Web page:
Willy Wonka’s Village

Last week I met a Brazilian-Baptist-ex-missionary current NGO worker named Salete. On Friday, Alec and I went along with her and her Brazilian-medical-Baptist missionary friend to the Village of M’Bissaou where she helps out at the local Case de Sante each and every Friday, has a football school with her husband, and aids the village in connecting them to different organizations.

First we visited a school that was started by Madame Wade’s (the Presidents wife) NGO, and funded by a Moroccan donor. I really didn’t know schools like this existed here- I literally was walking around with my mouth open half o f the time. From the outside it was beautiful with each building domed in the Moroccan style and covered in a cream paint. Inside the gates were trees galore -manguiers, a rare tree arboretum, and a garden. To the side was a fenced in building being used to store the organically grown produce from the nearby fields and the compost that fertilized them- a perfect full circle scene if you may. Throughout the grounds one sees colored swingsets and play materials scattered about. When we actually went into one of the brightly lit classrooms there was no let down- space enough for the nicer desks, larger blackboards, air flowing, and sun shining in though the large windows.

The biggest shock had to be the computer room though. Maybe thirty computers lined up, all plugged in and available for use, early-age French DVD’s being used for language acquisition, a teacher that can fix the computers, enough power to turn them all on and at the same time, and even a printer/scanner for the teachers use. In Senegal timeliness is a huge problem, especially in the school system. Teachers arrive on time rarely, late most of the time, and are absent often. To address this problem, rooms were build on school grounds for all of the teachers to stay in during the week (each with its own computer), cutting out transportation and food excuses often used. Once a week local women are taught how to read and write using the schools rooms. Forgive me if I seem incredulous, but after seeing public and private schools that cant even come up to one of the aforementioned aspects, it’s a bit shocking. What would cutting out the regular gloomy, crowded, concrete blocks do to Senegal’s education system? More importantly, what would it do for the students?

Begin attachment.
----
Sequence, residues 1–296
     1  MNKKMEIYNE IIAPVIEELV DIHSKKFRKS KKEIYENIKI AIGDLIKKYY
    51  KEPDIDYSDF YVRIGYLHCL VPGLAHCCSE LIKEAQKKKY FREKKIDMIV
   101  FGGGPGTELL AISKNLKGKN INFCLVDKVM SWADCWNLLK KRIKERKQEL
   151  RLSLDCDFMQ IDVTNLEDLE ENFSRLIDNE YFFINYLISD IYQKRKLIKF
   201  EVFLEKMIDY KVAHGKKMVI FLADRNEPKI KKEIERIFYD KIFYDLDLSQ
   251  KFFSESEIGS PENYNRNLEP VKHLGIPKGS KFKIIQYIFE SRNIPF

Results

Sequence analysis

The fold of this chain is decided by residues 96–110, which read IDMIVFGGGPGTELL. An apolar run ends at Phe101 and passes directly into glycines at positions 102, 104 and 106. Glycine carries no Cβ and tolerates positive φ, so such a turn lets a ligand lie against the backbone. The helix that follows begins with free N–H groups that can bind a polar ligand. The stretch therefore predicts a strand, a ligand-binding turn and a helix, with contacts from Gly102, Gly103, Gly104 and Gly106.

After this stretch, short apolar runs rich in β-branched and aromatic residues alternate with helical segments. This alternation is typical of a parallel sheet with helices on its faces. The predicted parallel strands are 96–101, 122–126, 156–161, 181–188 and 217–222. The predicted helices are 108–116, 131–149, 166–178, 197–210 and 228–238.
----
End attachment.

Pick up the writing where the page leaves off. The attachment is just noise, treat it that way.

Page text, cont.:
We then made our way to the woman’s group faming co-op. Here, Madame Wade’s NGO provided low-cost loans and information to the woman’s group. On sis hectares of land there are 125 plots of land, with one woman individually cultivating each plot. Fertilized by compost made at the school, watered by a manageable drip system, crops of onions, potatoes, and peanuts are grown. This produce is used to feed local families, with surpluses being sold.

Our last stop was the Case de Sante where Alec and I helped take blood pressure and weight of patients before they went to see the two Brazilians. We witnessed one person really making a difference as Salete greeted each and ever patient, in perfect Wolof, like and old friend- and many were. Visits cost roughly a dollar, and if you need any medication that is available (which is not much), that is given generously and free. In serious cases, such as the woman with fat visible through chewed up stitched skin, people are sent on up the health structure. More often than not though, patients leave with a treatment plan for their malady,  and the information to keep them healthy within the context of their lives. For example, one grand-dame came in with headaches from high blood-pressure, and left with a couple ibuprofen, instructions for them, and how to cook her ceebujen in a healthier manner.

Throughout the whole day, it felt a little bit like Willy Wonka’s Chocolate factor- these amazing things tha tnever seem to exist or work here, a little bit of darkness in full view at the Case de Sante, the village winning the golden ticket for the school over twenty-two others, and even a phone booth out of nowhere. The biggest similarity though, would be the sense of wonder one is left with- at what is, and what could be.